“Because the way they are setting this up, they are saying that any Venezuelan that is not a citizen or is a resident is a threat to the state. And that is neither just nor accurate and what is taking place here is wholesale discrimination of all citizens mentioned in that legislation,” Leoni said. “When it comes to Venezuelans living here most of us are also enemies of the regime that has taken over our country.”
Foreign real estate buyers have long presented competition to local South Florida residents, especially in an already tightly supplied market. According to the Miami Association of Realtors, foreign buyers usually offered $500,000 as the median purchase price in 2022.
Many make offers in cash, contributing to Miami-Dade and Broward’s high amount of cash deals. In March alone, approximately 40% of all deals were closed with cash, higher than the 29% national average.
“The rate of cash buyers in South Florida is double that from other parts of the country. A lot of that is foreign buyers,” said Jack McCabe, owner of the real estate and economic research firm Jack McCabe Expert Services, saying the legislation would “give South Florida buyers more opportunity and less competition.”
Real estate agents and academics predicted competition and prices would slightly dip in the residential market. Ken H. Johnson, a finance professor specializing in real estate at Florida Atlantic University, said, “This will hurt demand, which will have a downward effect on prices.” The economy as a whole could be impacted as foreign investors go to other assets.
“It might make some buyers happy, but you don’t want prices to be artificially moved down,” Johnson said. “We’re also losing the investment of people who move here and spend money here.”
Foreign buyers would also be prohibited from buying during pre-construction and contributing to programs such as the federal EB-5 visa program, which gives applicants a priority for U.S. visas and green cards in exchange for foreign investment dollars in new development. The program has contributed millions of dollars to new development.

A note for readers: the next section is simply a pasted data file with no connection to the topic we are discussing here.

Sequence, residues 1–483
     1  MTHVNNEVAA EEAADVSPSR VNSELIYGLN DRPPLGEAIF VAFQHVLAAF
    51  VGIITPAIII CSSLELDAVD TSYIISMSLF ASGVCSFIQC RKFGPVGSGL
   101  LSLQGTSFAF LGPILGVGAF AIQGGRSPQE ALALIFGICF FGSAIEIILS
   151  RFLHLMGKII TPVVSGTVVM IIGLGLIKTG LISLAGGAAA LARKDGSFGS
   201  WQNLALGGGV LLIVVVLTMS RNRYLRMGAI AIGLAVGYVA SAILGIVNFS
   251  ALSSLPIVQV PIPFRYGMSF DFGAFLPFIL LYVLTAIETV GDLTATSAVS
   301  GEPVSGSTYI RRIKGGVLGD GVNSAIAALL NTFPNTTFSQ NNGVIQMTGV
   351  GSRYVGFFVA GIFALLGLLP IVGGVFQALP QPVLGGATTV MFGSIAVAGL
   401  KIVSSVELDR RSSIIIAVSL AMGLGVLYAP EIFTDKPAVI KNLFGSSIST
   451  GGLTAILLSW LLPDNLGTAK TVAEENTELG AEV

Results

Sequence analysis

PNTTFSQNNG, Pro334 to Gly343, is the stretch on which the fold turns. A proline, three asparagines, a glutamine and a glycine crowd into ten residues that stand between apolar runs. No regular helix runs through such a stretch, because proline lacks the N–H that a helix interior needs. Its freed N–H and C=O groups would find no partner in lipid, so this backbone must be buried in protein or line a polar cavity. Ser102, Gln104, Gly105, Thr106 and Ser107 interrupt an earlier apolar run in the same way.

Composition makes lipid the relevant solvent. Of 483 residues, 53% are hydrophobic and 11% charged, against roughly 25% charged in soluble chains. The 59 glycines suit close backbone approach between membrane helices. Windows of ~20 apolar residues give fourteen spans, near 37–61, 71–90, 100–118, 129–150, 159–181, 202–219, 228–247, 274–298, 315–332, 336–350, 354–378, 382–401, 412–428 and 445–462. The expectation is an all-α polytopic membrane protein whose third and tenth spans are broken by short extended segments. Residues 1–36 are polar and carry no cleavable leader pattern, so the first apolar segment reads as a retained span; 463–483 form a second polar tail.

If signed into law, the legislation, HB 1355 and SB 264, would go into effect in July. Current property owners affected would have to register their ownership with the state’s Department of Economic Opportunity. If they fail to do so, they face fines of up to $1,000 a day. Owners selling to a foreign national from one of those countries would face fines of at least $500 and imprisonment.
The real estate market could see an initial impact as soon as the second half of 2023 as a result of the legislation. Dennis Eisinger, managing partner at Eisinger Law in Hollywood, said if it becomes law, the legislation would be expected to face multiple lawsuits.
That legal battle could take years if cases go to higher courts, Eisinger said. “This only encourages foreign buyers to buy in another one of the other 49 states.”
Subscribe for News
Join Professionals on EB5Projects.com →
This website is for informational purposes only and does not constitute an offer or solicitation to sell shares or securities. Any such offer or solicitation will be made only by means of an investment's confidential Offering Memorandum and in accordance with the terms of all applicable securities and other laws. This website does not constitute or form part of, and should not be construed as, any offer for sale or subscription of, or any invitation to offer to buy or subscribe for, any securities, nor should it or any part of it form the basis of, or be relied on in any connection with, any contract or commitment whatsoever. EB5Projects.com LLC and its affiliates expressly disclaim any and all responsibility for any direct or consequential loss or damage of any kind whatsoever arising directly or indirectly from: (i) reliance on any information contained in the website, (ii) any error, omission or inaccuracy in any such information or (iii) any action resulting therefrom.